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Culture of Krasnoyarsk


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There are a number of historical buildings in Krasnoyarsk, the oldest of them being the Intercession Cathedral (Russian: ?????????? ?????, 1785 to 1795, restored in 1977 to 1978). Other locally significant samples of Russian Orthodox architecture are the Annunciation Cathedral (Russian:?????????????? ?????, 180212), the Holy Trinity Cathedral (Russian:?????-???????? ?????, 180212), John the Baptist Church (Russian:??????? ?????? ????????, 1899, former episcopal residence), and the new Michael the Archangel Church.

On the top of the Karaulnaya Hill, originally a pagan shrine, later occupied by the Krasnoyarsk fort watchtower, the Paraskeva Pyatnitsa Chapel(1804, rebuilt 1854-55) still stands. The chapel, displayed on the 10-rublenote, is one of the iconic images of the city. The chapel was abandoned and fell into disrepair during the Soviet era and only when Perestroyka came was it regained by the Yenisei bishopric.

Another unofficial symbol of Krasnoyarsk is the incomplete 24-story tower located at Strelka. Construction of the tower had been started just before Perestroyka and then frozen due to the administrative crisis. The outline of the tower is clearly seen from many places in the city.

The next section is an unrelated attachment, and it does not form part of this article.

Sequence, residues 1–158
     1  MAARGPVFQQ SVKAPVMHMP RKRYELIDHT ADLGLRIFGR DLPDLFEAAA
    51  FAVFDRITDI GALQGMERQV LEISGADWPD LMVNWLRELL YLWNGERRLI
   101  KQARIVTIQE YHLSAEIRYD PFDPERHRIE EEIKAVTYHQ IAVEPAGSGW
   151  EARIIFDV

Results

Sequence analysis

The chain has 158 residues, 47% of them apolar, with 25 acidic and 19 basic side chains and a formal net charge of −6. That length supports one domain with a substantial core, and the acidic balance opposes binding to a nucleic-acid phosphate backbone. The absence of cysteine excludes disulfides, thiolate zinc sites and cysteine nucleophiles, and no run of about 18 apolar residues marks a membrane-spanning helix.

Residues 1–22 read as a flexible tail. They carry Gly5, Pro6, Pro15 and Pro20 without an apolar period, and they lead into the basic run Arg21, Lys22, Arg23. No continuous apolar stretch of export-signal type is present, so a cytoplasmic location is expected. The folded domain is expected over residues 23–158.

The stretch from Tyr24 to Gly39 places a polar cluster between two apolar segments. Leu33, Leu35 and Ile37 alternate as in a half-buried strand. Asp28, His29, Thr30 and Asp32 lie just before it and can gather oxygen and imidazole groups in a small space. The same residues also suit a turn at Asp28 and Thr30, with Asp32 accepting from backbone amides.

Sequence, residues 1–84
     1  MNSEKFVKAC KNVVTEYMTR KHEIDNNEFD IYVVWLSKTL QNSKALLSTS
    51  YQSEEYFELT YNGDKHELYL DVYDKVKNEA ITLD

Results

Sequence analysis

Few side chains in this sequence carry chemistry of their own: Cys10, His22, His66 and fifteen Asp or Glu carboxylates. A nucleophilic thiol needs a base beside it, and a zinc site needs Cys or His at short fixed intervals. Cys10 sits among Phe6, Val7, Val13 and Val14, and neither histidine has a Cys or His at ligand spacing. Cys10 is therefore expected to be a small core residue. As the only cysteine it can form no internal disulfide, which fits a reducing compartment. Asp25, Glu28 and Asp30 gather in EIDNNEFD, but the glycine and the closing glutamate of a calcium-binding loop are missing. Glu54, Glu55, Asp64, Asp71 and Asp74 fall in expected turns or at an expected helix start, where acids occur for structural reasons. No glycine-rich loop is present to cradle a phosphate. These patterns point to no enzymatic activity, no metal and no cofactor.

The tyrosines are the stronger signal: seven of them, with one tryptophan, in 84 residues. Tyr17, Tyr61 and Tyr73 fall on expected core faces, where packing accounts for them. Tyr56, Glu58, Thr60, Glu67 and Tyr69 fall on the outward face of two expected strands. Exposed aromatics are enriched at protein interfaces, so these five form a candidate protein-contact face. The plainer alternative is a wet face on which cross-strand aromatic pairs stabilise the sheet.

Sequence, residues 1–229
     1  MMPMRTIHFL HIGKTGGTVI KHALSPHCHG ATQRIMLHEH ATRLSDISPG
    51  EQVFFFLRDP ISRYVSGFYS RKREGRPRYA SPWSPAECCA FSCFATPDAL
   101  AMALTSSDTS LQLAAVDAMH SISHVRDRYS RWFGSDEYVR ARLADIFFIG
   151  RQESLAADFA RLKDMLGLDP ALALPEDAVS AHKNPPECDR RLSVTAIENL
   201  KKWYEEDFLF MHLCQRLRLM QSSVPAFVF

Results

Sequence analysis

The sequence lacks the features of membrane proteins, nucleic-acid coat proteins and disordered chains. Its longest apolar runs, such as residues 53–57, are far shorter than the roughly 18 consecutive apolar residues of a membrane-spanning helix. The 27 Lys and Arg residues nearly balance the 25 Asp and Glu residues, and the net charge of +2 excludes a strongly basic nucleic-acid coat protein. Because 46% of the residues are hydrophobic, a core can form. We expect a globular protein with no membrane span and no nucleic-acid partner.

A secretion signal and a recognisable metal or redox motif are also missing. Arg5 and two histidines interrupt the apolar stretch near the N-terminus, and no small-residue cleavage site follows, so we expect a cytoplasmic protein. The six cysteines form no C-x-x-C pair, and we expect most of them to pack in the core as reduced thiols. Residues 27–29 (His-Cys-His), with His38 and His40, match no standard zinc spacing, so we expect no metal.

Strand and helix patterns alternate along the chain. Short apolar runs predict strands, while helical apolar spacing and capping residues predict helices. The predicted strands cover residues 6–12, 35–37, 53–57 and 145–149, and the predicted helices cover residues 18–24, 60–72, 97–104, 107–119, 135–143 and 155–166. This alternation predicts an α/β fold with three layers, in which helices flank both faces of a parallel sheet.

A bridge near Krasnoyarsk carries the Trans-Siberian Railway across the Yenisei. This structure, one of the longest at the time, was constructed between 1893 and 1896 to an award-winning design by Lavr Proskuryakov. When approved for the inscription on the World Heritage List in 2003, the bridge was described by the UNESCO as "an early representation of a typical parabolic polygonal truss bridge in Russia" which became "a testing ground for the application of engineering theories and the development of new innovative solutions, which had numerous successors" ().

Among other notable buildings are the mansions of the merchant Nikolay Gadalov (beginning of the 20th century), the Roman Catholic Transfiguration Chapel (Russian: ?????????????? ?????,
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